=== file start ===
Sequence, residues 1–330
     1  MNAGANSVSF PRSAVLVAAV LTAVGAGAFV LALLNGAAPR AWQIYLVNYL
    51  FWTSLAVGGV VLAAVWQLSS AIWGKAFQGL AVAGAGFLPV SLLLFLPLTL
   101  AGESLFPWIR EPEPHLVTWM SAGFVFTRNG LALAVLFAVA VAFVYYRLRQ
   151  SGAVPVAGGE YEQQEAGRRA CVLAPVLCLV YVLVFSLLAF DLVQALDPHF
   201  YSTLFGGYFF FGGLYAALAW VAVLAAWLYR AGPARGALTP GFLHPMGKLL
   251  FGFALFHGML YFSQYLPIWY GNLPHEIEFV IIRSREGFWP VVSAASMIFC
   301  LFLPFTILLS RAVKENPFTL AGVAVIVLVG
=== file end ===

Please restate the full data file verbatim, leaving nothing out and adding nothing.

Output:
Sequence, residues 1–330
     1  MNAGANSVSF PRSAVLVAAV LTAVGAGAFV LALLNGAAPR AWQIYLVNYL
    51  FWTSLAVGGV VLAAVWQLSS AIWGKAFQGL AVAGAGFLPV SLLLFLPLTL
   101  AGESLFPWIR EPEPHLVTWM SAGFVFTRNG LALAVLFAVA VAFVYYRLRQ
   151  SGAVPVAGGE YEQQEAGRRA CVLAPVLCLV YVLVFSLLAF DLVQALDPHF
   201  YSTLFGGYFF FGGLYAALAW VAVLAAWLYR AGPARGALTP GFLHPMGKLL
   251  FGFALFHGML YFSQYLPIWY GNLPHEIEFV IIRSREGFWP VVSAASMIFC
   301  LFLPFTILLS RAVKENPFTL AGVAVIVLVG